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Discussion on Aquired flexural deformity in 4month foal

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Jo Wightman
Member
Username: lexi

Post Number: 79
Registered: 6-2004
Posted on Wednesday, Nov 4, 2009 - 5:29 pm:   Edit PostPrint Post

Hi I have a 4month old colt who is very lame on his left hind - it stays bent at the hock and he walks on the toe and rests the toe on the ground. It has no heat or swelling anywhere but it will not straighten out at the pastern/fetlock. I have restricted him to a small pen and as he is not yet weaned cut his mums feed right back and they are just having good quality hay and vitamins and limestone flour. As they were on a clover rich pasture I suspect flexural limb deformity but is flexural limb deformity likely in just one limb? And how soon should I expect to see an improvement if this is the case? Thank you.
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Robert N. Oglesby DVM
Moderator
Username: dro

Post Number: 24038
Registered: 1-1997
Posted on Thursday, Nov 5, 2009 - 7:33 am:   Edit PostPrint Post

Hello Jo,
I can't quite put my finger on it but your description does not sound like a typical acquired flexural deformity. There is the unilateral quality, very lame, and the hock position does not sound right. Let's be sure we have the diagnosis right. Did a veterinarian examine the foal?

Would it be possible to see images of this foal while bearing weight on the leg? How long did it take for the condition to develop? And which came first the contracture or the lameness?
DrO
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Jo Wightman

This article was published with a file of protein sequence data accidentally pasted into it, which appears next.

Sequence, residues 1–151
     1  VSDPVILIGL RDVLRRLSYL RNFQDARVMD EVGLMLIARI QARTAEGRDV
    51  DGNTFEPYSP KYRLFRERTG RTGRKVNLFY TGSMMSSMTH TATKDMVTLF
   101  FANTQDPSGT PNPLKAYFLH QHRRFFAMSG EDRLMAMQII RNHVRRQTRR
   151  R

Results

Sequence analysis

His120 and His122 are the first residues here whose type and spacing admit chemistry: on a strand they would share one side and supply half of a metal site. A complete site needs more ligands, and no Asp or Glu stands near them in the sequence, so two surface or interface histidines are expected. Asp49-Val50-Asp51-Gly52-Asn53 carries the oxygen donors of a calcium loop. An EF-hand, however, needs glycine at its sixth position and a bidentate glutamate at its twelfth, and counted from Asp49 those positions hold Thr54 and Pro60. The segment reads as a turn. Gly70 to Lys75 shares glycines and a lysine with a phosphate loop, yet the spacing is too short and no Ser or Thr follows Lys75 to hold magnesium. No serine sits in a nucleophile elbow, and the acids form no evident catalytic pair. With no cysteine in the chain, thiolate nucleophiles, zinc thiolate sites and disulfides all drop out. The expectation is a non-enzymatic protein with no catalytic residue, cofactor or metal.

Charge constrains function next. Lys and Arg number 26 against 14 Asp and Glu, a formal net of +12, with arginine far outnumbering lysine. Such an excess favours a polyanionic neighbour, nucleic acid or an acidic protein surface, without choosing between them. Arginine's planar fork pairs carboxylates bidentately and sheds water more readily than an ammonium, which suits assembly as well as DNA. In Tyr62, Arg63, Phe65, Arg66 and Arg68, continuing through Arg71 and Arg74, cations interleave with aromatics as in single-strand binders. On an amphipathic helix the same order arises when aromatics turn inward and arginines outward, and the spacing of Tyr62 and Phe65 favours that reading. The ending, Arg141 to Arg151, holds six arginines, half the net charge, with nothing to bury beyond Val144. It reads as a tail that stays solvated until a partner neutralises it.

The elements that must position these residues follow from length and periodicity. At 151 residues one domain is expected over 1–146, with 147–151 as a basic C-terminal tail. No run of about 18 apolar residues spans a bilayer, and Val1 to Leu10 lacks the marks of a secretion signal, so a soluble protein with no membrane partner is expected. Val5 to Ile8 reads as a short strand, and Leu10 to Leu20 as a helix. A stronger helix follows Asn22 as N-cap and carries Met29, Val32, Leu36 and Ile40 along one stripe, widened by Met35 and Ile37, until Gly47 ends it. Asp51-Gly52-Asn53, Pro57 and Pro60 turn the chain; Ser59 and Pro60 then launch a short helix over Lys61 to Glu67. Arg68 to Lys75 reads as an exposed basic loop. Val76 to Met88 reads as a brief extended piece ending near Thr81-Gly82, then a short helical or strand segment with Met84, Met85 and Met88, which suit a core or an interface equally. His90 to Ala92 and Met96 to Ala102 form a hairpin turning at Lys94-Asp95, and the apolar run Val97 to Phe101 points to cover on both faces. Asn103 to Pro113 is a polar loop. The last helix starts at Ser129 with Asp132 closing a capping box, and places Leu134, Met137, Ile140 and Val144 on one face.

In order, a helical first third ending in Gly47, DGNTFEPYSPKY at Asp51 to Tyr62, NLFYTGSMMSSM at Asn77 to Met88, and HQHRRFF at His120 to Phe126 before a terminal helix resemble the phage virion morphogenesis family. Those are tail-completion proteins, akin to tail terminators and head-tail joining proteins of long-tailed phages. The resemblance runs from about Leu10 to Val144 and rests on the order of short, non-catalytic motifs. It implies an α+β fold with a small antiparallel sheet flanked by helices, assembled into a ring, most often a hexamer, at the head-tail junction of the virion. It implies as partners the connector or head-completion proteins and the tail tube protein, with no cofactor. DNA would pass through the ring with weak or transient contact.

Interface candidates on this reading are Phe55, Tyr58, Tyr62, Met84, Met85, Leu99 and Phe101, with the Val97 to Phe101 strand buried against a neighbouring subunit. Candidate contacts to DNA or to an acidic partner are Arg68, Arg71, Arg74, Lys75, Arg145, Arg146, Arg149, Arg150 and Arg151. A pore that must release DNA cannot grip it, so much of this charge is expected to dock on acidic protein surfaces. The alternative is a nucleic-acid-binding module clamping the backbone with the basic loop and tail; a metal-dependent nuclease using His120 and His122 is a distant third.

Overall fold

Member
Username: lexi

Post Number: 80
Registered: 6-2004
Posted on Thursday, Nov 5, 2009 - 4:17 pm:   Edit PostPrint Post

Thanks i will try and get a photo. No a vet has not been out yet as I do not have the foal insured so was trying the rest in small corral first. This foal has been lame on and off on different legs over the past 2 or 3 months in varying degrees, it gets better then worse then clears up then appears in a different leg! I put it down to his tearing around like a mad thing!This time round he has been lame for about 7-10 days but got a lot worse 2 days ago. I wondered if this could be due to me strip grazing them so they get lush grass for say 2 hours a day until its eaten down. After rest for 2 days and hay diet with no hard feed the foal seems a lot better, he is not lying down as much and will bear weight on it. The hock straightens out again when he walks and he is even putting the heel to the floor now and though the pasterns looks upright it is not tipping over the toe so you may be right perhaps I jumped to a hasty conclusion. He is mobile again and playful and there is still no heat or swelling.
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Robert N. Oglesby DVM
Moderator
Username: dro

Post Number: 24047
Registered: 1-1997
Posted on Friday, Nov 6, 2009 - 7:32 am:   Edit PostPrint Post

If I have this pictured right Jo (the chronic intermittent lameness, the severity of the lameness, the quick onset and turnaround) the history is not as consistent for flexor contracture as it is for severe lameness who's pain was exacerbated by putting the heel down.

I hope you can get some help with this so a proper diagnosis and treatment can be instituted. Be sure to check that sole for abscess or a nail.
DrO
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